South Korean authorities in the city of Cheongju have confirmed plans to seize the digital currency holdings of tax evaders.
The city’s administrators have requested seven digital currency exchanges to provide information about the transaction history of over 8,500 residents.
Authorities alleged that the affected individuals have unpaid taxes surpassing KRW 1 million (US$750), arising from the trade in digital currency transactions. Cheongju’s administrators say that residents are turning to digital assets as a tool to evade taxes, given their borderless nature and anonymity.
However, Cheongju says it is committed to recovering the unpaid taxes of over KRW 8.5 billion (US$6.3 million) from the tax delinquents. In its new tax crusade, authorities say they are willing to confiscate the digital currency holdings of offenders if the tax obligations remain unfulfilled to achieve this goal.
This is not Cheongju’s first attempt at cracking down on tax evasion using digital assets. In 2022, the city recovered unpaid taxes worth KRW 68 million (US$51 million) from 17 individuals attempting to use digital currencies to avoid paying taxes.
Following a 2021 revision of the country’s tax code, South Korean law supports Cheongju’s confiscation of digital currencies. Authorities proposed granting tax watchdogs broad powers to seize digital asset holdings of defaulters in centralized entities to deal with rising welfare costs for an aging population.
Armed with the new amendments, municipal governments have since recovered over KRW 268 billion (US$200 million) in digital currencies over default in taxes. The crackdown affected individuals and corporate entities, with digital asset exchange Bithumb hounded by the South Korean National Tax Service (NTS) over KRW 91 billion (US$68 million) worth of unpaid taxes.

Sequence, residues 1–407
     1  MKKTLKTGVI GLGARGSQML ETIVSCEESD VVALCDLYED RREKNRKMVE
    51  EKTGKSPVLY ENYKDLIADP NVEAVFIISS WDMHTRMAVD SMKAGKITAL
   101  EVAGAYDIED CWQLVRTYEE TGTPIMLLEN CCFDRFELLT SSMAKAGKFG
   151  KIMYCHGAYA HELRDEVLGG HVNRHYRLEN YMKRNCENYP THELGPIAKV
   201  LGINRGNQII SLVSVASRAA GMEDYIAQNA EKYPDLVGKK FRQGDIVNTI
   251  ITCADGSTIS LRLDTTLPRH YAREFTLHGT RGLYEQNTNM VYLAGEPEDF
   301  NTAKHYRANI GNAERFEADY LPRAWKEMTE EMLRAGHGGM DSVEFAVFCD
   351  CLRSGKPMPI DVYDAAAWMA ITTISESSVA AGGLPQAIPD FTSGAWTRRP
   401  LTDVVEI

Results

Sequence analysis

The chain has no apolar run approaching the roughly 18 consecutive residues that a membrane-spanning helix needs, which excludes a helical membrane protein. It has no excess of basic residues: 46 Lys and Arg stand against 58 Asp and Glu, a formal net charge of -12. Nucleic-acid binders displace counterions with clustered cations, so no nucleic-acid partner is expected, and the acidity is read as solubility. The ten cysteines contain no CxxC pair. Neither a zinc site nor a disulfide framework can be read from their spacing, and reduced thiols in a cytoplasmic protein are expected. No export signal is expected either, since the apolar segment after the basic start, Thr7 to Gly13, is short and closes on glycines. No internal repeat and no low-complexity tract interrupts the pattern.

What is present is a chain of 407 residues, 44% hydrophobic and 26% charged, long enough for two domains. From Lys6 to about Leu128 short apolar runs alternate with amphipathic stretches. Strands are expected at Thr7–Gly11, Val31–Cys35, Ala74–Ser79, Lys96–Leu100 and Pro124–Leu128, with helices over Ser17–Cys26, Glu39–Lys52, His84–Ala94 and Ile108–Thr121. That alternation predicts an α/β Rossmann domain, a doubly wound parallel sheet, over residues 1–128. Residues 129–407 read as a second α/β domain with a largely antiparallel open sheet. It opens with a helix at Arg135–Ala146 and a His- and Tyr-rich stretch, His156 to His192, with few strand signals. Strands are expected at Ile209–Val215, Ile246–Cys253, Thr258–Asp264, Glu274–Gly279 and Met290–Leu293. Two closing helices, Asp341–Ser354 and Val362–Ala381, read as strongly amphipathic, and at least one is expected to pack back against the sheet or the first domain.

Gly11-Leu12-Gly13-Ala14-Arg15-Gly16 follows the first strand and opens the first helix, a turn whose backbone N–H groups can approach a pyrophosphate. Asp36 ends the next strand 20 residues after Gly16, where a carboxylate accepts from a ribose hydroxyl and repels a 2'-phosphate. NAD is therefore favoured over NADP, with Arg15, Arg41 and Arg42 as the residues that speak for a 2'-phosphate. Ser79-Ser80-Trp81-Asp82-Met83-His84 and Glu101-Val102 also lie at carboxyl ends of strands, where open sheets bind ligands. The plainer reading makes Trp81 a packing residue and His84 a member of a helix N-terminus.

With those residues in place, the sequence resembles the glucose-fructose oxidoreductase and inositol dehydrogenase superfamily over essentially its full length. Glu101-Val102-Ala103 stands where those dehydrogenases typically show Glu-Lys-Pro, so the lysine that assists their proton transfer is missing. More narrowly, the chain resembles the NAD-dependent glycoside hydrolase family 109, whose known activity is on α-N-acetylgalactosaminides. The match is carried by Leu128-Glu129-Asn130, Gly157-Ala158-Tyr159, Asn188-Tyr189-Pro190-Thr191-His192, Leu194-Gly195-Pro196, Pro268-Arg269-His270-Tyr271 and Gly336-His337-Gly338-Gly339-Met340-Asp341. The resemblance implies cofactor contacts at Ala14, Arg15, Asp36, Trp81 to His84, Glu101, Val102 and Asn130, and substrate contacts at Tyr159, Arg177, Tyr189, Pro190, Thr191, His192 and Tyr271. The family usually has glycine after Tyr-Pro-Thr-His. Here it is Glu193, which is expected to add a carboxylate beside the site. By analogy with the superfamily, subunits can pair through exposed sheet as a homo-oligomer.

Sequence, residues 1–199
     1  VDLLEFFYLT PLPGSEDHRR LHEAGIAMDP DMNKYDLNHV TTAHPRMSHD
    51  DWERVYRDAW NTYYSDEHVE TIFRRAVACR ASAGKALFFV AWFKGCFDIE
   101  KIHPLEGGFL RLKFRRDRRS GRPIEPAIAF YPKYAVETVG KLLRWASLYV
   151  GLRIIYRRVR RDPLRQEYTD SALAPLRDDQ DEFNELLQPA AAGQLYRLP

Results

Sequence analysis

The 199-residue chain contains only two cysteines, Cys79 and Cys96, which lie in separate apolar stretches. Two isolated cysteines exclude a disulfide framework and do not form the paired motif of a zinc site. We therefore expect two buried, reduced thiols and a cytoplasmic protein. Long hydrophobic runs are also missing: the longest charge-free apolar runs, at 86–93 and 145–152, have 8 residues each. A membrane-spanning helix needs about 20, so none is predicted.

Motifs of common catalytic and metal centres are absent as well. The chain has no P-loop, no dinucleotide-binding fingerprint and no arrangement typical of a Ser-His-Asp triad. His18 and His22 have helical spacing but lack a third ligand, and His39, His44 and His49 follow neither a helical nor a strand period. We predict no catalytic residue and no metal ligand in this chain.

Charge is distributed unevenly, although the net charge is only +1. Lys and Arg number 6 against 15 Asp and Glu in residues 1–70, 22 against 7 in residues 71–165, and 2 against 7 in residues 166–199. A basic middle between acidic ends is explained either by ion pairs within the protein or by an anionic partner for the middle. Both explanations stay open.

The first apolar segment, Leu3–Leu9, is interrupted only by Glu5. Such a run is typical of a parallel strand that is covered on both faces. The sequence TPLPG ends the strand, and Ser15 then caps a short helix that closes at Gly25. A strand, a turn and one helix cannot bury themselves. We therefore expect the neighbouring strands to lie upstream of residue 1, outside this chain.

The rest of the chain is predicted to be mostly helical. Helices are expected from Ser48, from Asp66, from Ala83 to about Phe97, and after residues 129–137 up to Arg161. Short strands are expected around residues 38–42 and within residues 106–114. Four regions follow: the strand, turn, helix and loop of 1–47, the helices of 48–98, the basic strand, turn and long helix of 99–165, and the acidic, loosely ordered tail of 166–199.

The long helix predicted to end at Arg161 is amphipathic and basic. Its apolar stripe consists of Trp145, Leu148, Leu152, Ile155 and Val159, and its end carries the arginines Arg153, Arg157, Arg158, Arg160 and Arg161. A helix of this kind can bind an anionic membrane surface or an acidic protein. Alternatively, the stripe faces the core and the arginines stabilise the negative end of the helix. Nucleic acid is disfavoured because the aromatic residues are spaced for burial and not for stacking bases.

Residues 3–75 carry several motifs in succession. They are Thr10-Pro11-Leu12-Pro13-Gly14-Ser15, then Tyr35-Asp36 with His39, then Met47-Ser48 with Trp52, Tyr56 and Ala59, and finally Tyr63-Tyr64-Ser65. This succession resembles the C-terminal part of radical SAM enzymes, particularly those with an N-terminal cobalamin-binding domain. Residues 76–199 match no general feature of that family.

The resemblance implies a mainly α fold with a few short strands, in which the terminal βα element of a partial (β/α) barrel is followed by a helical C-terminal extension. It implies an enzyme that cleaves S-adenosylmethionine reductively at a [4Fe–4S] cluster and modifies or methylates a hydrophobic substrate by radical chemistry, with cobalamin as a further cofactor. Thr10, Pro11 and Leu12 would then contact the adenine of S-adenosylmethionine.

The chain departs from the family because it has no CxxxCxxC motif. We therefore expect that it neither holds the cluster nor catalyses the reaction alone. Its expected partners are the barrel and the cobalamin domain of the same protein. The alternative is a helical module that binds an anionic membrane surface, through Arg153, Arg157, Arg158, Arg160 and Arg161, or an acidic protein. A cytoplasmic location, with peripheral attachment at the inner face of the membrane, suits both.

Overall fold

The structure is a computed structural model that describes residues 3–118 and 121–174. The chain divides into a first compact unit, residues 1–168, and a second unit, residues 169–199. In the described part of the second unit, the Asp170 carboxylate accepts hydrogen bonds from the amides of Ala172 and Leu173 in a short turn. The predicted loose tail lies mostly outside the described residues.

Other jurisdictions are adopting a similar hands-on approach in dealing with tax evasion, with Argentina confirming the seizure of over 1,000 wallets.
Chief counsel for the U.S. Internal Revenue Service (IRS) Robert Wearing disclosed that since digital assets are considered property, “the IRS will seize that property and will attempt to follow its usual procedures to sell it and use it to satisfy collection.”
Cleaning up the industry
As South Korea moves on from Terra’s implosion, regulators are proceeding with new guidelines to protect its investors. In the future, digital asset service providers are anticipated to consistently disclose information to regulators as they operate in accordance with global best practices.
Regulators also keep themselves in check with the Financial Services Commission (FSC) urging staff to publicly disclose their digital currency holdings. Following the uproar that trailed lawmaker Kim Nam-kuk’s digital currency holdings, parliamentarians and other public officers must also disclose their digital assets publicly.
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